Web Copy Writing

Writing Copy for High Rankings and High Response Rates

 

Ask any direct marketer what creates a high response rate in paper catalogs, direct mail letters, direct response magazine advertisements, and other conventional media, and the answer will no doubt be "great copy."

Ask a web positioning specialist what creates great rankings, and the response will probably include topics like "keyword frequency," "keyword density," "word count," and other mechanistic descriptions of what the copy of a page must contain.

As one might expect, there is an inherent conflict between writing copy to attract customers and writing copy to rank well in search engines and directories. A teaser headline that gives no clue as to the topic but intrigues the reader may work well in a magazine, but a TITLE tag that leaves the reader clueless may generate few click-throughs in a search results page.

This article will describe ways to resolve this conflict between search engine optimization and response rate, and provide suggestions for creating copy that will create both traffic and sales.

Copy Dilemma: Rankings vs. Response
In a world of perfect search engines, a page full of content relevant to a search word or phrase would outrank pages with less relevant content. In the real world, search engines use page analysis algorithms to try and decide which pages are relevant. Web developers, in turn, try to determine how the algorithms work and to create pages with content that will create high rankings.

Unfortunately from a marketing copywriter's standpoint, high rankings can't usually be achieved by tweaking Meta tags that the web-surfer never sees. Most often, there is a specific prescription for each page -- how many times the keyword will appear in the title, the heading(s), the body text, and so on. Depending on the parameters, this can place severe limits on the creativity of the copywriter, and may demand awkward wording compromises.

A Note on Cloaking/Redirection
A partial solution to the rankings vs. response conflict is to deliver different content to the search engine spiders and web browsers. This enables the web developer to optimize one page for a search engine, and create a different page to potential customers. The latter page can be more creative, and use copy and design elements that appeal to these browsers.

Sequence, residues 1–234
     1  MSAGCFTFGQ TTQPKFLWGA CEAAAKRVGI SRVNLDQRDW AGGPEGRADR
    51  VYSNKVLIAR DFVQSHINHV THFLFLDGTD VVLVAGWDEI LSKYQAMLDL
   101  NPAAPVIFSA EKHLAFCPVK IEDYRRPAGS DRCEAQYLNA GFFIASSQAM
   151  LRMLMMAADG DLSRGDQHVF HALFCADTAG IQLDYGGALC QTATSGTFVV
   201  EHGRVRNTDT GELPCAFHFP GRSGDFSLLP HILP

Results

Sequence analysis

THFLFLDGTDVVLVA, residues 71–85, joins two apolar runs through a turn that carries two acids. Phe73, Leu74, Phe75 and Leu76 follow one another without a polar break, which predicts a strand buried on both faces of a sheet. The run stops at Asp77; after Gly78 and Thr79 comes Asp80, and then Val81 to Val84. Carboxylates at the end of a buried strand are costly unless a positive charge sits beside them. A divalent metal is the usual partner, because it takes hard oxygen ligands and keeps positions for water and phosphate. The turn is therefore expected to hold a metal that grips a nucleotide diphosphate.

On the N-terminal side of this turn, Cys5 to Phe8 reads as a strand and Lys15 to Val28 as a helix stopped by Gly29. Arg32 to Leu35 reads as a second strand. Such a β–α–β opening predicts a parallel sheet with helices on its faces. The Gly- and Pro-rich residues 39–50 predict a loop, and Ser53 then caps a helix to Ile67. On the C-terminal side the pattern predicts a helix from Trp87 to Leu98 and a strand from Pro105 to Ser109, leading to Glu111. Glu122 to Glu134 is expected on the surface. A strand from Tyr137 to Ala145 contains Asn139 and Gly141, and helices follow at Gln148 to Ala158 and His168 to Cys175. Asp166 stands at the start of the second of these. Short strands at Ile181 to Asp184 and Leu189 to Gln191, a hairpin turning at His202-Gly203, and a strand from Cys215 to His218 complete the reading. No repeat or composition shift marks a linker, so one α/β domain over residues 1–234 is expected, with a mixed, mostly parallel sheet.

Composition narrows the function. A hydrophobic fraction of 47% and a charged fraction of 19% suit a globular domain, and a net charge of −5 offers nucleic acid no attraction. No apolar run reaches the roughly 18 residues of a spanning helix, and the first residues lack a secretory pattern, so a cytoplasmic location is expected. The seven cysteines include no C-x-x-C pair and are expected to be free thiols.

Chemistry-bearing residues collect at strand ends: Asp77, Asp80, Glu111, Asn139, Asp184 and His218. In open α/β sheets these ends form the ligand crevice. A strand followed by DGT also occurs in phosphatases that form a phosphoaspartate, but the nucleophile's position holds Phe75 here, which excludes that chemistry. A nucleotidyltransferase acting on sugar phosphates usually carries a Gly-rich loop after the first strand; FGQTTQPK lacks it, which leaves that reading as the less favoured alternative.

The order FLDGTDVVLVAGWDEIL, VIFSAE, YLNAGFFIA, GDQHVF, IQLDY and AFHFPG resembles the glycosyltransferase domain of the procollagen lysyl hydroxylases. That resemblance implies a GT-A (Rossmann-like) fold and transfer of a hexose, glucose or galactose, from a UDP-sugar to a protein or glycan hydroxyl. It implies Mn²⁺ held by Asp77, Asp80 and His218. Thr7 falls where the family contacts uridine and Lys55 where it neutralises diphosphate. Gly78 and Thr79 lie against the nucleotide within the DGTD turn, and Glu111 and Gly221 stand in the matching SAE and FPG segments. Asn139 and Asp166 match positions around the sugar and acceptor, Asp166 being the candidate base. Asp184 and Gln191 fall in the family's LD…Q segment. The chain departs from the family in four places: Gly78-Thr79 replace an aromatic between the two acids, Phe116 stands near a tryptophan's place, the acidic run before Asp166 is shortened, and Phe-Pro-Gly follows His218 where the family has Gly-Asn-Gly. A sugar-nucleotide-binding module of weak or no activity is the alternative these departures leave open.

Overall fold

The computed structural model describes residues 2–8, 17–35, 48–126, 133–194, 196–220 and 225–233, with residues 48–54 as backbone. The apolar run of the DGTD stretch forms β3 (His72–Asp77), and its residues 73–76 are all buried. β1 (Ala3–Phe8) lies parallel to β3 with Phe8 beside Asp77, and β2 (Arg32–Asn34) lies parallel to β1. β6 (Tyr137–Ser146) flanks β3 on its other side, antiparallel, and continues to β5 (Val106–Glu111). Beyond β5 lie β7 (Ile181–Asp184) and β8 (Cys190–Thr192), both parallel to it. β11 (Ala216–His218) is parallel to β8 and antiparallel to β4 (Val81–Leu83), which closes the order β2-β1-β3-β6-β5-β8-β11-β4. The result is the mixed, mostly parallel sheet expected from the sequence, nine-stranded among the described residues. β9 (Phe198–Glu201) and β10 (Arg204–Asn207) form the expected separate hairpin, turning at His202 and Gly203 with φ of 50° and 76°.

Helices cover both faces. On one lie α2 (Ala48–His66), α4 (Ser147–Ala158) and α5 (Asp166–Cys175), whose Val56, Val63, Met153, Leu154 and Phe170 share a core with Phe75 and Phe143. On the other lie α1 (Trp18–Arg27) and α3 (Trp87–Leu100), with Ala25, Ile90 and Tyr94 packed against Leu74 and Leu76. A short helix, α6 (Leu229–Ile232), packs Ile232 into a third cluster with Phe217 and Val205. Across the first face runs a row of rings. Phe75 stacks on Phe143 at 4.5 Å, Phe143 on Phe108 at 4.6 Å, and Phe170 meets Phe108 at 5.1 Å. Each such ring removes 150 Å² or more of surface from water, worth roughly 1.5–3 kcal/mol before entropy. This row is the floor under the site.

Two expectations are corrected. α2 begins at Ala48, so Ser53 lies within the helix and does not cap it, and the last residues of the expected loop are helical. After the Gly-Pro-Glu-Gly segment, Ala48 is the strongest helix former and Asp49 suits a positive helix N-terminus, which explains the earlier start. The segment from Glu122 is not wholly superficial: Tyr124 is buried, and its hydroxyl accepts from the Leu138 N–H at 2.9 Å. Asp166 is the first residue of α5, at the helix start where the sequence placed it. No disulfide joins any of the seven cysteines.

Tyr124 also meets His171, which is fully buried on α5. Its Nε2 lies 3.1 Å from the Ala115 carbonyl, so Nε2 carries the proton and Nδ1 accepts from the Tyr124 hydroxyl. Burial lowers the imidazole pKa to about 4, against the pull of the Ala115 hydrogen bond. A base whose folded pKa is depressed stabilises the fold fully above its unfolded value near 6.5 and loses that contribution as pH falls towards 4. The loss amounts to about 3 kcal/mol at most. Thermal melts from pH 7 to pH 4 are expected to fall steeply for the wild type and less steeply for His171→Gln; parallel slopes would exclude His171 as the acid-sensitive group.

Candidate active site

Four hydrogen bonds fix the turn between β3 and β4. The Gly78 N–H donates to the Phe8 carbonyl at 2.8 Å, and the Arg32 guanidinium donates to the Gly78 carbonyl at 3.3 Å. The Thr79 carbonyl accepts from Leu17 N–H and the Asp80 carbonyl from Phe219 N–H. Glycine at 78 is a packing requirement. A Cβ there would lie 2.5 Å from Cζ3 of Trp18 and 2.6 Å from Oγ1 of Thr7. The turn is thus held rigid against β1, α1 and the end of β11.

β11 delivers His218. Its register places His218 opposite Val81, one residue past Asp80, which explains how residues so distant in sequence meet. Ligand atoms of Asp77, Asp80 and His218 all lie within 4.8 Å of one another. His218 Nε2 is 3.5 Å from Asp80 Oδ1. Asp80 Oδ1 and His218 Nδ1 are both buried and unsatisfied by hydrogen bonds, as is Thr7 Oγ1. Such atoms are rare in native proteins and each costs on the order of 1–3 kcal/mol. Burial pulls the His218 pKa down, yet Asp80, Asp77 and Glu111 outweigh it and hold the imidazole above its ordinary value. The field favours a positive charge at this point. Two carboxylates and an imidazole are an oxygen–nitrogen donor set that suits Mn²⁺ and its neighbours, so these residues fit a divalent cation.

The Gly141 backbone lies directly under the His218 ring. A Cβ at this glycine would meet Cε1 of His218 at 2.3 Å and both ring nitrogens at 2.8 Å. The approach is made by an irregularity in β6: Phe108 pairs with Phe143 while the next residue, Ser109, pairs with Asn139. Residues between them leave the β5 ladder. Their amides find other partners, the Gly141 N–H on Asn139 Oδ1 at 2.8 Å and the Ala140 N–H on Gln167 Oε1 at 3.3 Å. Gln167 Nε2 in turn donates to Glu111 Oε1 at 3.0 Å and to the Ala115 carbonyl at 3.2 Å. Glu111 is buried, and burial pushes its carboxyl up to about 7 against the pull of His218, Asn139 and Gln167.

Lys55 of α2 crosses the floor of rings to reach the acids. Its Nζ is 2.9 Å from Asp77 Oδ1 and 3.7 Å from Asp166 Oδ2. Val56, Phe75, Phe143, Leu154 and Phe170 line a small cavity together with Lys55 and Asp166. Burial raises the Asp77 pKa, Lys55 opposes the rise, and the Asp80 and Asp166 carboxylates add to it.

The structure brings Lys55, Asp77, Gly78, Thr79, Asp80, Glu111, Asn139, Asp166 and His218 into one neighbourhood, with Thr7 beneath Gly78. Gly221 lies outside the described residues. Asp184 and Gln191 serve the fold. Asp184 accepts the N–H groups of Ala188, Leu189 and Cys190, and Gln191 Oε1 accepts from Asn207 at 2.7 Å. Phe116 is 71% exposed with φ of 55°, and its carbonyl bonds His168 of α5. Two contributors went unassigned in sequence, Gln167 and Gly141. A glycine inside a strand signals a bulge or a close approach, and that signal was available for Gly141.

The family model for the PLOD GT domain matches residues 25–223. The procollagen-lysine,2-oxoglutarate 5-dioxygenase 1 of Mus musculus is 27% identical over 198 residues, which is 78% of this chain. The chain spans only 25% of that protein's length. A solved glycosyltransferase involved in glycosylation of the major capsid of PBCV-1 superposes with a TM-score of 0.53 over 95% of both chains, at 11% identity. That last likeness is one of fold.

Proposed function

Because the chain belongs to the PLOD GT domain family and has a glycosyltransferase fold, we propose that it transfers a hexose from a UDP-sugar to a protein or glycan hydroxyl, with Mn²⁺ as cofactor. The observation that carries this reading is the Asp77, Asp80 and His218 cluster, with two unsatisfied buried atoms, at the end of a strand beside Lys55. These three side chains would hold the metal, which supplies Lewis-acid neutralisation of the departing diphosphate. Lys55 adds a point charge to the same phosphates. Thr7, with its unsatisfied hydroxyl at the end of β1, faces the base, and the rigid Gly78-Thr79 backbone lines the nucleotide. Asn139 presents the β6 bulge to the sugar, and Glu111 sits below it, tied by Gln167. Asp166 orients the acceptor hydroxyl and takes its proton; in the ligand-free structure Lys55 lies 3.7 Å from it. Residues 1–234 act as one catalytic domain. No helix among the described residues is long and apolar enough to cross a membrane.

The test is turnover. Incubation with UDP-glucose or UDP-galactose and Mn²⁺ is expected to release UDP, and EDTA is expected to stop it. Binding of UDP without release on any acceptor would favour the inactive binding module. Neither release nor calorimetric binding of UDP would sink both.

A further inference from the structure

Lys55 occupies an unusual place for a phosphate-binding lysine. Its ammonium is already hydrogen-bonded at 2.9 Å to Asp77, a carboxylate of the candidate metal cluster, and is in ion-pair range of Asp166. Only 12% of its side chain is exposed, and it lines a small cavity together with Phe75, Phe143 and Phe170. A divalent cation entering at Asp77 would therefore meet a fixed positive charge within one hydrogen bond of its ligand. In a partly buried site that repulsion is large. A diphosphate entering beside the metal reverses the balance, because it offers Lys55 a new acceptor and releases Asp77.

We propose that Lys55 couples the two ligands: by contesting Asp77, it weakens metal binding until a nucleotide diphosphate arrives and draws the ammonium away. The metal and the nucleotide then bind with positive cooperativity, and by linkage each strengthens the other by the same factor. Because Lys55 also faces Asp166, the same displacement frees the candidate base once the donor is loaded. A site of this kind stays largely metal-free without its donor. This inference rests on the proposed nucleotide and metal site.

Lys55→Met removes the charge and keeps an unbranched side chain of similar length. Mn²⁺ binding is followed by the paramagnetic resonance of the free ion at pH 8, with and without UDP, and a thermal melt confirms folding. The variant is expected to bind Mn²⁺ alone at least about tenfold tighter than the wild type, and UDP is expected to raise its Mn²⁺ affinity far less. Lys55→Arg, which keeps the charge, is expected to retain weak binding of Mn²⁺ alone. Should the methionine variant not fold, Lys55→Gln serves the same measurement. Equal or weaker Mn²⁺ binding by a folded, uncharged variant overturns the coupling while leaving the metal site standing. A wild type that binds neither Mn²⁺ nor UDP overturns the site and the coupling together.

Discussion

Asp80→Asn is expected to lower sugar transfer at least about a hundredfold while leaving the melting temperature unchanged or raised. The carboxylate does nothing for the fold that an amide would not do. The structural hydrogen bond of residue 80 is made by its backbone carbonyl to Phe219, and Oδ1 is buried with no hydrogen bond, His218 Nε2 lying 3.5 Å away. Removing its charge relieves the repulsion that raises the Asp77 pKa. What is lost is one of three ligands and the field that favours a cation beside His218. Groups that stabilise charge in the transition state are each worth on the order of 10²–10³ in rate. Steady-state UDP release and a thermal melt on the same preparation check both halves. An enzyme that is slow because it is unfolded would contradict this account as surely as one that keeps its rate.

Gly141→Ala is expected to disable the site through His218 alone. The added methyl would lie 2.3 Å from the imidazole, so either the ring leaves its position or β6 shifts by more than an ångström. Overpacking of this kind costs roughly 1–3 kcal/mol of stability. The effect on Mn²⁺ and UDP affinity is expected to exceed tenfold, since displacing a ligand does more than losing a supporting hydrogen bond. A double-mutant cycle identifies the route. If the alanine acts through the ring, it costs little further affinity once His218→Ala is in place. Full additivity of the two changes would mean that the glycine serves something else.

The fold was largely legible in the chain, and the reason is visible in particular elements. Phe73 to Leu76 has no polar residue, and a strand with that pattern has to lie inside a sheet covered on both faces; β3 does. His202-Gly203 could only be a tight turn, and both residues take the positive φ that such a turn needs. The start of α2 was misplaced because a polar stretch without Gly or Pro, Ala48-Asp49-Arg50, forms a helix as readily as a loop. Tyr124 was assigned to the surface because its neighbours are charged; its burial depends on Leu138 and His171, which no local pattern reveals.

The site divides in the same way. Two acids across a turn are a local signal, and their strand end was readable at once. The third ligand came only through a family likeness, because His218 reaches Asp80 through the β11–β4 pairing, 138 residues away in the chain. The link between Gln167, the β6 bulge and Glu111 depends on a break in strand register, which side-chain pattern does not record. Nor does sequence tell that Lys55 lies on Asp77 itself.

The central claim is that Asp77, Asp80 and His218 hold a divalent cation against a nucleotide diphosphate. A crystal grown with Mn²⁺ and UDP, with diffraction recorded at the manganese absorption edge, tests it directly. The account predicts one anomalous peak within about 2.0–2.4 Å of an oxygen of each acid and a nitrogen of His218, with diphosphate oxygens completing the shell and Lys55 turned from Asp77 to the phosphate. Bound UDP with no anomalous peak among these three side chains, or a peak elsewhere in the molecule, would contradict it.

One way to accomplish this is cloaking, in which the server actually identifies the entity requesting the page as a spider or end-user, and delivers the appropriate page. Another way is redirection, in which the page indexed by the search engine contains code to load a new page when an end-user requests that page.

There are several issues that make cloaking and redirection a less than perfect solution to the copywriter's dilemma. First, the status of these techniques with individual search engines is never entirely clear. It is known that search engines view with great disfavor any techniques that deliver content to searchers that differs greatly from what is indexed.

Some "spammers" have used techniques that create highly ranked pages for popular search terms to drive traffic to sites with unrelated content; this would be sufficient to get the domain banned at most search engines if the practice is discovered.

To date, there have been few problems reported with more benign practices in which the content of the delivered page is highly relevant to the search term and is similar in content to the indexed page. On the other hand, there is always an element of risk involved in employing these techniques. The risks might include getting caught in a "spam" crackdown by a search engine, or having a human reviewer at the search engine decide that the spidered page was too different from the user page.

Either of the above might result in the page being dropped from the index, or even in the domain being penalized. While many web positioning professionals use either cloaking or redirection at the current time, some developers or site owners may decide to avoid the risk by creating pages that are intended for viewing by both spiders and human browsers.

The other issue is that even with cloaking or redirection, the search engine will present its users with content from the page it sees. Each search engine has its own method for displaying search results, but in general the results will include the page title, along with text from the beginning of the page or the Description Meta tag. Thus, it is an inescapable fact that at least some of the page copy must work for BOTH spiders and human viewers.

With this in mind, let's move on to look at some of the individual areas of the page:

Write good copy for the TITLE of your web pages. Too often the <HEAD> section of a web-page is written only for the spiders tastes. Learn how and why to write good titles for your pages.

Make your page descriptions attract clicks as well as search engine rankings. The Meta Description is the first opportunity you may have to really market your site to your customers. Learn how to use it well.

Make your visible page appeal to both humans and spiders. Use your headers and body text to the utmost advantage. Make it appeal to the spiders or you won't get ranking, but if you forget to make it appeal to humans you'll get low sales per visit. Learn how to find the balance.

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